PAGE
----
Research shows that smoking during pregnancy is related to mental health diagnoses. The purpose of this study was to assess whether current general mental health status is connected to current smoking status in pregnant women after controlling for other factors related to both mental health and tobacco use during pregnancy.
This cross-sectional analysis used 2017 BRFSS data for 621 pregnant women aged 18-38 from Florida (N=136), Kansas (N=116), Minnesota (N=105), Nebraska (N=90), New York (N=78), and Utah (N=96).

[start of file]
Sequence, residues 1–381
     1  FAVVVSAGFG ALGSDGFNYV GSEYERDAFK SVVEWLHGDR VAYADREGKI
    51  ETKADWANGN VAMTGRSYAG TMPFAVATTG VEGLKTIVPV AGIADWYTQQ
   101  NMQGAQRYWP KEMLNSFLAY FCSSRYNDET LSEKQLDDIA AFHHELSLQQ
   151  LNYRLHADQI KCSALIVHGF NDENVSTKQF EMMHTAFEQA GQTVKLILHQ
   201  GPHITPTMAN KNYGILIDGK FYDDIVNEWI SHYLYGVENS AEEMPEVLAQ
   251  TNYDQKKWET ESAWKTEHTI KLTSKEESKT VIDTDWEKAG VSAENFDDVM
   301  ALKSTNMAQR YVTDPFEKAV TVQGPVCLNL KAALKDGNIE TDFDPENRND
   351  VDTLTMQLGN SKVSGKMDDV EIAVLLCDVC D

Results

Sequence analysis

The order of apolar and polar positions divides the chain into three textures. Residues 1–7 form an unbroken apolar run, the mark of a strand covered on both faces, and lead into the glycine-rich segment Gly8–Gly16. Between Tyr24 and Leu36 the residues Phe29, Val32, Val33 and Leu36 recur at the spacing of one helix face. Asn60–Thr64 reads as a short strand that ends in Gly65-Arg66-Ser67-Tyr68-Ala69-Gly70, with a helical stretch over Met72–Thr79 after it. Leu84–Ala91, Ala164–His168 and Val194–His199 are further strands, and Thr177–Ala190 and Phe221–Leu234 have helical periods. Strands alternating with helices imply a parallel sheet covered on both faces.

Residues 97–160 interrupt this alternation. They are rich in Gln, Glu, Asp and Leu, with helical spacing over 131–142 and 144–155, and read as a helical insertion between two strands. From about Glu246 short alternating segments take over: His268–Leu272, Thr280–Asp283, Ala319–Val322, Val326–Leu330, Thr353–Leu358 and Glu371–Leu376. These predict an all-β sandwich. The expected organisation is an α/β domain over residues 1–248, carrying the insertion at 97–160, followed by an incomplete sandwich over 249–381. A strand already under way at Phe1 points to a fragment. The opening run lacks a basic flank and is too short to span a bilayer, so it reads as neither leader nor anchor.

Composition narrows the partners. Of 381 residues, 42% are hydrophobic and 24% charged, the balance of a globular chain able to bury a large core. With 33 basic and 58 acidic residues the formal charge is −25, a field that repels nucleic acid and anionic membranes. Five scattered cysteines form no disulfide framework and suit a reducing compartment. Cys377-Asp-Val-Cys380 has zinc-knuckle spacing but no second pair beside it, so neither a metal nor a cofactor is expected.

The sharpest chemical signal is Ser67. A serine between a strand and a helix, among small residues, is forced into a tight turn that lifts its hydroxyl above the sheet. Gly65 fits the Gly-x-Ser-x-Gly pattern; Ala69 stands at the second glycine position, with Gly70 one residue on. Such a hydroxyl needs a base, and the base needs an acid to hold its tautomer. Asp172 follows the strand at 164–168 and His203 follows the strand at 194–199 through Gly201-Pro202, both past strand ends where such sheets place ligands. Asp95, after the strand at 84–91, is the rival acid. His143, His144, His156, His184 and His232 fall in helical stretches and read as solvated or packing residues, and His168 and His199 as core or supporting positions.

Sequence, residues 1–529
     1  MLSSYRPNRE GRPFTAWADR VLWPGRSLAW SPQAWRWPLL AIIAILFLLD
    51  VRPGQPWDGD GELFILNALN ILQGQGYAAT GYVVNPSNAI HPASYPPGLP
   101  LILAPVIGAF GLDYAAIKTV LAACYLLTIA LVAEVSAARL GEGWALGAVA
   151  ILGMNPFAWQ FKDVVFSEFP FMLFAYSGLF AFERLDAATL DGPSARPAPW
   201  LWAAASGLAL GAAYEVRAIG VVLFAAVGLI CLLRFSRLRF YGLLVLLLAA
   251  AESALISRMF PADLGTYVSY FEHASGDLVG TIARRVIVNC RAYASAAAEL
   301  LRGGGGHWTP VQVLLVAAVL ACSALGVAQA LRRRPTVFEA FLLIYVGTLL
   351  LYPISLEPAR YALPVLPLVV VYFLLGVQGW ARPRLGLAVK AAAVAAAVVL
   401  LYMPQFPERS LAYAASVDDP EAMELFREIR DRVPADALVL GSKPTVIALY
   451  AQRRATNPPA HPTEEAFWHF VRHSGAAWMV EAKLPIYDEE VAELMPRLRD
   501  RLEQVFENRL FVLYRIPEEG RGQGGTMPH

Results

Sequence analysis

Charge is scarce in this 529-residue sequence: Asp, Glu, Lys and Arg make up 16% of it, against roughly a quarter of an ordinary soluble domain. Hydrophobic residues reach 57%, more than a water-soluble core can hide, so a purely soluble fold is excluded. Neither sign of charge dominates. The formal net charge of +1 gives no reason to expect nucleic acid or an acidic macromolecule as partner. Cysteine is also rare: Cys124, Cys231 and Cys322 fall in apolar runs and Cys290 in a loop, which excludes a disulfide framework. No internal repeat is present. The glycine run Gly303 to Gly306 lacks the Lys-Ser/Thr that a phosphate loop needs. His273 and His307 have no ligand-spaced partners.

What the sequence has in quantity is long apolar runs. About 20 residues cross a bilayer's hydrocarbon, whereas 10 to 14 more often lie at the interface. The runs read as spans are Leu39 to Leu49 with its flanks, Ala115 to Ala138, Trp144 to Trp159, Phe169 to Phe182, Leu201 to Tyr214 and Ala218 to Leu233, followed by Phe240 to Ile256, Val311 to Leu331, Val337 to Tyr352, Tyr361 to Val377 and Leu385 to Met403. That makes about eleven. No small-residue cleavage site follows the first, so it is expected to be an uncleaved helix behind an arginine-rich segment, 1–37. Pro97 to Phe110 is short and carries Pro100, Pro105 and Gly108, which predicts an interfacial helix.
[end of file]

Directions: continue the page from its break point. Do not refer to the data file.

Overall, very few participants reported current smoking, and about one-third reported low or moderate mental health status in the past 30 days. Adjusted results indicated that those who said high mental health status were nearly three times less likely to report current smoking status than those who reported low mental health status.
Overall, current mental health status was positively related to current smoking status in pregnant women. Clinicians in obstetrics may expect a deficient proportion of pregnant women to report smoking and up to one-third to report low or moderate current general mental health status. Given that existing mental health issues and everyday tobacco use may harm both mother and child, be positively related in pregnant women, and change throughout the pregnancy, pregnant women should be screened automatically for both at each visit.